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"Make new friends and keep the old? Parasites, immune function, health, and changing market integration in Amazonian Forager-Horticulturalists" by Aaron Blackwell

Friday, January 27, 2012
12:00 AM
411 West Hall

As traditional populations become more integrated with national and transnational economies and cultures, factors such as diet, access to resources, disease exposure, and family composition all change. Within population and cross-cultural comparisons are needed to understand how these changes are integrated, and how they affect the health and well-being of these populations. In this talk I will discuss how life history theory provides a framework for understanding trade-offs and changes, and discuss my work among two Amazonian groups, the Shuar of Ecuador and the Tsimane of Bolivia.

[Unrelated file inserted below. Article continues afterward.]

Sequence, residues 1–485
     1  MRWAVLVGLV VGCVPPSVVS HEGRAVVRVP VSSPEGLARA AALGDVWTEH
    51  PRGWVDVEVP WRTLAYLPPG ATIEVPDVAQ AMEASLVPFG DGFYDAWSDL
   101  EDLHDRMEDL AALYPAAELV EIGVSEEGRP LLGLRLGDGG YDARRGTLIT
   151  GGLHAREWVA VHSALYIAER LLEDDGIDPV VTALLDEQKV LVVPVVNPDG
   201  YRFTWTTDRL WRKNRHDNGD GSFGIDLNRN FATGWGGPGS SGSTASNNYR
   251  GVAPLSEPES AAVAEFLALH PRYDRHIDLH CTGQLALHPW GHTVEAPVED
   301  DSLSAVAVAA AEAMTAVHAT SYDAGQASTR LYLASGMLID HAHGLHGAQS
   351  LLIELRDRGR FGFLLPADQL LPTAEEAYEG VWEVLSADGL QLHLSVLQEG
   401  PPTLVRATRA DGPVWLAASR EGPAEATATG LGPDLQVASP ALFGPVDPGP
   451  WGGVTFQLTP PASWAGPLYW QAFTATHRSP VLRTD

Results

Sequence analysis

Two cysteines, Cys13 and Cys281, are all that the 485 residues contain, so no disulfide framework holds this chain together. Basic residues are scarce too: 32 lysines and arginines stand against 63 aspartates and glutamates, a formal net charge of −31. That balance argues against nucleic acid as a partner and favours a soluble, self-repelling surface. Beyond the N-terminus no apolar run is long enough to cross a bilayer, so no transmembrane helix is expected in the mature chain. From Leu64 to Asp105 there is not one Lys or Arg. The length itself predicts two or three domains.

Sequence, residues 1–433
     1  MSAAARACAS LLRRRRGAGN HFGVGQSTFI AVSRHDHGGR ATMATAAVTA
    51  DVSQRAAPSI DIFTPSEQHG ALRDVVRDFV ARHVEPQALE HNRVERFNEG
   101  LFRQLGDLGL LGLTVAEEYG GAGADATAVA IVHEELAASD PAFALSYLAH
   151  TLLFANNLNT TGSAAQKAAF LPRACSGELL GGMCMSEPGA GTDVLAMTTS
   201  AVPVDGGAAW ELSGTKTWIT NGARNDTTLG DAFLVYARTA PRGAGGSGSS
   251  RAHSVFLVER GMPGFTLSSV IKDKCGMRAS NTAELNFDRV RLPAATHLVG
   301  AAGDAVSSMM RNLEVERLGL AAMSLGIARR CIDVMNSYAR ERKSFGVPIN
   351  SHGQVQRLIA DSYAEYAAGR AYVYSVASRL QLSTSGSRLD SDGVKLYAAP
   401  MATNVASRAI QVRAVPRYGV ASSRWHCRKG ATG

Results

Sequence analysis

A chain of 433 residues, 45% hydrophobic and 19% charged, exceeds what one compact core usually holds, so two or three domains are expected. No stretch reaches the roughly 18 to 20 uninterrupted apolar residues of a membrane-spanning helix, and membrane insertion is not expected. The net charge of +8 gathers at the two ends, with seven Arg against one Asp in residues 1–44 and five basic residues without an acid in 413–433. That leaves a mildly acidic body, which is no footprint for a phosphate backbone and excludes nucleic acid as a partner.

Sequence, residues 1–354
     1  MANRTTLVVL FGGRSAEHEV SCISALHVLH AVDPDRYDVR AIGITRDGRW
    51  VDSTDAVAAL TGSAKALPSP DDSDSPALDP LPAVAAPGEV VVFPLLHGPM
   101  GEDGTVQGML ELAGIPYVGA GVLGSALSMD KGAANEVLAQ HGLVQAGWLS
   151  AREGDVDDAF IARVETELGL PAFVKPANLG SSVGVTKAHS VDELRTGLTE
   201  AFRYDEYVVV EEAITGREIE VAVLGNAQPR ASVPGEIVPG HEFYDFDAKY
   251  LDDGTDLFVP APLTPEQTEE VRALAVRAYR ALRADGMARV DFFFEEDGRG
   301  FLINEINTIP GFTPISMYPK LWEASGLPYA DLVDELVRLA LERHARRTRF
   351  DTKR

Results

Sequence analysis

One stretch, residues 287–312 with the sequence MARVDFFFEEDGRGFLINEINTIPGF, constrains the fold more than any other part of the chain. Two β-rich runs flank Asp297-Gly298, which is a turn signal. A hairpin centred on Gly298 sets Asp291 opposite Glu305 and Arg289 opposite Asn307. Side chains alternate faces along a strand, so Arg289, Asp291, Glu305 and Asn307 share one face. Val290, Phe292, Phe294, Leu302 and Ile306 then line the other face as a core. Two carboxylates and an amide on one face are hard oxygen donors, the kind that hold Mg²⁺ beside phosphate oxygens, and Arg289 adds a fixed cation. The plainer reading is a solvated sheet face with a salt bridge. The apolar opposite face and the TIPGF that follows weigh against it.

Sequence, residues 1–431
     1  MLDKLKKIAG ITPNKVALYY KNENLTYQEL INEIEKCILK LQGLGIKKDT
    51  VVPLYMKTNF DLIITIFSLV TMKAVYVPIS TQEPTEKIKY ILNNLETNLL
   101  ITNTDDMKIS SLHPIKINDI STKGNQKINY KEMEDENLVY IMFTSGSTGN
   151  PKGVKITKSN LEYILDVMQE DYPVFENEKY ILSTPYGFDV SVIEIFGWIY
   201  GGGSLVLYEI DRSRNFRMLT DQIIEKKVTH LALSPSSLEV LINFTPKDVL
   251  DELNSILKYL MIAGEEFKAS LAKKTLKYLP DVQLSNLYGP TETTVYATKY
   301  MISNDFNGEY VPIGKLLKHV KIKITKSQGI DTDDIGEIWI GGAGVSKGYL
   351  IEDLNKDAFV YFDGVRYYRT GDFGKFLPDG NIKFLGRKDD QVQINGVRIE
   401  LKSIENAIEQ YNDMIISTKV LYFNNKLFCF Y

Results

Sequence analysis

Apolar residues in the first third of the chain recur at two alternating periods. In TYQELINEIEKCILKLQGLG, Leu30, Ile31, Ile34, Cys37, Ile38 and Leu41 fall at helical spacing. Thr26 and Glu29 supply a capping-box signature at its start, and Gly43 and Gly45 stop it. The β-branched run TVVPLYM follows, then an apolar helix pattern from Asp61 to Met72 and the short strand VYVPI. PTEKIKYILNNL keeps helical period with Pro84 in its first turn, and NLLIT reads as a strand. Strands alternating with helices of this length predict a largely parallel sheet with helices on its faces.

As traditional populations become more integrated with national and transnational economies and cultures, factors such as diet, access to resources, disease exposure, and family composition all change. Within population and cross-cultural comparisons are needed to understand how these changes are integrated, and how they affect the health and well-being of these populations. In this talk I will discuss how life history theory provides a framework for understanding trade-offs and changes, and discuss my work among two Amazonian groups, the Shuar of Ecuador and the Tsimane of Bolivia. In particular, I examine infection with intestinal worms (helminths) as a critical factor that affects the development of immune function, children’s growth, and inflammatory or auto-immune diseases common in Western populations, a suggestion known as the “hygiene hypothesis”. I use ELISA to assess antibody levels, and flow cytometry to count white blood cell populations. My results show that a particular class of antibody (IgE) is highly elevated in parasitized populations, and that IgE levels are associated with poorer growth in Shuar, Tsimane, and the United States. In the Tsimane, natural killer cells are elevated compared to other populations, while helper T-cells are suppressed. Helminth infection is also associated with a higher prevalence of respiratory diseases in Tsimane children, but is protective against arthritis and inflammatory pain in older adults. These results suggest helminths impose significant costs on traditional populations and also support the “hygiene hypothesis”, suggesting that many of the health differences observed between Western and traditional populations may be tied to parasitic infection or lack thereof.